Second, the 10% to 15% of bereaved people who suffer persistent severe grief reactions experience marked psychological, social, health, or occupational impairment. This can include other psychological problems (such as depression, suicidality, substance abuse), poor health behaviours (increased tobacco use), medical disorders (high blood pressure, elevated cancer rates, increased cardiovascular disorder), and functional disability.

Third, prolonged grief has been shown across a wide range of cultures, including non-western settings, as well as across the lifespan.

Fourth, and importantly, whereas bereavement-related depression responds to antidepressants, grief reactions do not. In contrast, treatments specifically targeted towards the core symptoms of prolonged grief are effective in alleviating the condition, and more effective than treatments that target depression.

A specific diagnosis of prolonged grief means sufferers can get timely access to the right treatment. sparktography

A major issue influencing the introduction of the new diagnosis is the requirement to identify bereaved people in need of appropriate mental health care and to ensure they receive appropriate treatment.

Studies have repeatedly shown that leaving this condition untreated will result in the affected people suffering marked psychological, medical, and social problems. On the premise that up to 15% of bereaved people experience complicated grief, there are over 70,000 new cases of prolonged grief in the United States each year, representing a very significant public health issue.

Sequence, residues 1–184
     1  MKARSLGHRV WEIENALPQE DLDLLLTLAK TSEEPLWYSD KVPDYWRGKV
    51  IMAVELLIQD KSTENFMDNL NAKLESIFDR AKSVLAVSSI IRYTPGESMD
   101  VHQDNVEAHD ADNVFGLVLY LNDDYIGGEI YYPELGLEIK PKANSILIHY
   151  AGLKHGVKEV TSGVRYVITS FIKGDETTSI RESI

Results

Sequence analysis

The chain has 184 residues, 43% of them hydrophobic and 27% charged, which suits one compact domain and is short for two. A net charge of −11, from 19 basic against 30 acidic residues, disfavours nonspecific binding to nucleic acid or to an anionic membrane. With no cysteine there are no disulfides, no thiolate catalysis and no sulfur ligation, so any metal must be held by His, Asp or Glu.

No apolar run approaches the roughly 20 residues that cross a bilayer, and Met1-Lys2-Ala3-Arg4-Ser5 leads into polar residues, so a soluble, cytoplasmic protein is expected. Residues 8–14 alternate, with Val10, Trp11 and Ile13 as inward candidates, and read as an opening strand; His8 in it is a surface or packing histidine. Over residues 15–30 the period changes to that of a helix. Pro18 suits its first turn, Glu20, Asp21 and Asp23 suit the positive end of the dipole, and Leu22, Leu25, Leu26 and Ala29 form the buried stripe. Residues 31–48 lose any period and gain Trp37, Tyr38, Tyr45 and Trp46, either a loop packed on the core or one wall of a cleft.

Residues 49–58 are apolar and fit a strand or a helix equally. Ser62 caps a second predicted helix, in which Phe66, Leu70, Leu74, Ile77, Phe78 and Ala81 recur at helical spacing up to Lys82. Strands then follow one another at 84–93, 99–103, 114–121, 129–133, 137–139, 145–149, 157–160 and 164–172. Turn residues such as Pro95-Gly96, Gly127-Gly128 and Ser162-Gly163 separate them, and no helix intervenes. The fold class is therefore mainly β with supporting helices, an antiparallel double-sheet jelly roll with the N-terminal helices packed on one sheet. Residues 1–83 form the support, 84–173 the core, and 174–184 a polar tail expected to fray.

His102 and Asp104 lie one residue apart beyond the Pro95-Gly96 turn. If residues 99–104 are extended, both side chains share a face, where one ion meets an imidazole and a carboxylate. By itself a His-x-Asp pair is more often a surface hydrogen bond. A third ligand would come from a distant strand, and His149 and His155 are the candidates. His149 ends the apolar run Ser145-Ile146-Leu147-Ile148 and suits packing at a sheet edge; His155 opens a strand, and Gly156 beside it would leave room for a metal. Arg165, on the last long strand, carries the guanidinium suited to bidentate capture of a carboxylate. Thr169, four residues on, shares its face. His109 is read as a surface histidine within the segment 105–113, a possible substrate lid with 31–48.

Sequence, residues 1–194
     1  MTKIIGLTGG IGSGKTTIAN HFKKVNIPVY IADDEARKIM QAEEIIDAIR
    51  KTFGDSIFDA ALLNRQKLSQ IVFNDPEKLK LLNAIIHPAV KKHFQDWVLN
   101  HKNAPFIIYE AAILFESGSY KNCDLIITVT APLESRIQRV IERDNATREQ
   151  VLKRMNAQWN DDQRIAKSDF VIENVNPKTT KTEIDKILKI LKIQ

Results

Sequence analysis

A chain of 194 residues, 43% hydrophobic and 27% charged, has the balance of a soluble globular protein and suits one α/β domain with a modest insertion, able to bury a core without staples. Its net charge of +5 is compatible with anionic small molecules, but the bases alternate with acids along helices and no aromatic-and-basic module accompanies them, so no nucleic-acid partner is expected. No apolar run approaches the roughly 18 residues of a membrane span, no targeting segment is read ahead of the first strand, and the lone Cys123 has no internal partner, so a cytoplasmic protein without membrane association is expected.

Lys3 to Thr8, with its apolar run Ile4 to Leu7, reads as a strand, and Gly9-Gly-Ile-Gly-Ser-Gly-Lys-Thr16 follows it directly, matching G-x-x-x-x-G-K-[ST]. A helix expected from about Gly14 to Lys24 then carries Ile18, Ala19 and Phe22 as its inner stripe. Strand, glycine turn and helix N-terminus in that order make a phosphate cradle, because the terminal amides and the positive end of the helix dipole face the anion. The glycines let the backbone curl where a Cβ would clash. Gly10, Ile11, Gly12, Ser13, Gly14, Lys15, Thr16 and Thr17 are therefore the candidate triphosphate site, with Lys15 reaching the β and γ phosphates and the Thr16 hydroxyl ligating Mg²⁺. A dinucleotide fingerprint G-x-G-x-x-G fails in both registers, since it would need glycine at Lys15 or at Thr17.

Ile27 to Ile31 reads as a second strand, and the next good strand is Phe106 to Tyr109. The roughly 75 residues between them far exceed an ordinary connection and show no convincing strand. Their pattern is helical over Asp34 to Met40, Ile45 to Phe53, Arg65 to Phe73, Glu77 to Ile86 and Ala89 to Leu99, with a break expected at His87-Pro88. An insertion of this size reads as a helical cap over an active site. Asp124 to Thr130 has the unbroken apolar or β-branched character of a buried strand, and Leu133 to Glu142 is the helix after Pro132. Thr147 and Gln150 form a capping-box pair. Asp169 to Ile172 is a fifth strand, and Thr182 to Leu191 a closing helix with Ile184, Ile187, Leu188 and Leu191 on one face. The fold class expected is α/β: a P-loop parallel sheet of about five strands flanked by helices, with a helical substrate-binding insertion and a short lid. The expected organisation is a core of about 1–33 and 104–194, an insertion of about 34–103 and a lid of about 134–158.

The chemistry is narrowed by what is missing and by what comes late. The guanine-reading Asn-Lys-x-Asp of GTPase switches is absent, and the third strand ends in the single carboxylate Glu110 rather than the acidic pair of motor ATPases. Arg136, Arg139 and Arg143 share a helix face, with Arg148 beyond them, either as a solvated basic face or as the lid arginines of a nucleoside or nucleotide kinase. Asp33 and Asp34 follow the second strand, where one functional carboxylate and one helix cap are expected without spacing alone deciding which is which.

A common concern is that many people presenting to health providers with grief are misdiagnosed with depression, and prescribed antidepressants. The available evidence indicates this will not assist recovery from prolonged grief.

Several studies have shown that cognitive behaviour therapy (CBT) is an effective intervention for prolonged grief. Cognitive behaviour therapy is a talking therapy that typically gets the person to focus on memories of the death and the relationship in a structured way. They learn more adaptive ways of appraising the loss and their relationship with the deceased, and then develop strategies for re-engaging with other people and activities.

Although CBT does not alleviate all prolonged grief cases, it is the best treatment we currently have available.

The concerns about potentially medicalising grief reactions and over-diagnosis are justified, however the proposed criteria have sufficient safe-guards built in. By limiting the diagnosis to persistent severe reactions that extend beyond 12 months after the bereavement, only a minority of bereaved people will receive this new diagnosis.

Hopefully, people suffering this potentially debilitating condition will now be able to receive the right treatment to allow them to move on with their life.

This is the ninth part of our series Matters of the Mind. To read the other instalments, follow the links below:

Part one: Explainer: what is the DSM and how are mental disorders diagnosed?

Part two: Forget talking, just fill a script: how modern psychiatry lost its mind

Part three: Strange or just plain weird? Cultural variation in mental illness

Part four: Don’t pull your hair out over trichotillomania

Part five: When stuff gets in the way of life: hoarding and the DSM-5

Part six: Psychiatric labels and kids: benefits, side-effects and confusion

Part seven: Redefining autism in the DSM-5

Part eight: Depression, drugs and the DSM: a tale of self-interest and public outrage

Part ten:: Internet use and the DSM-5’s revival of addiction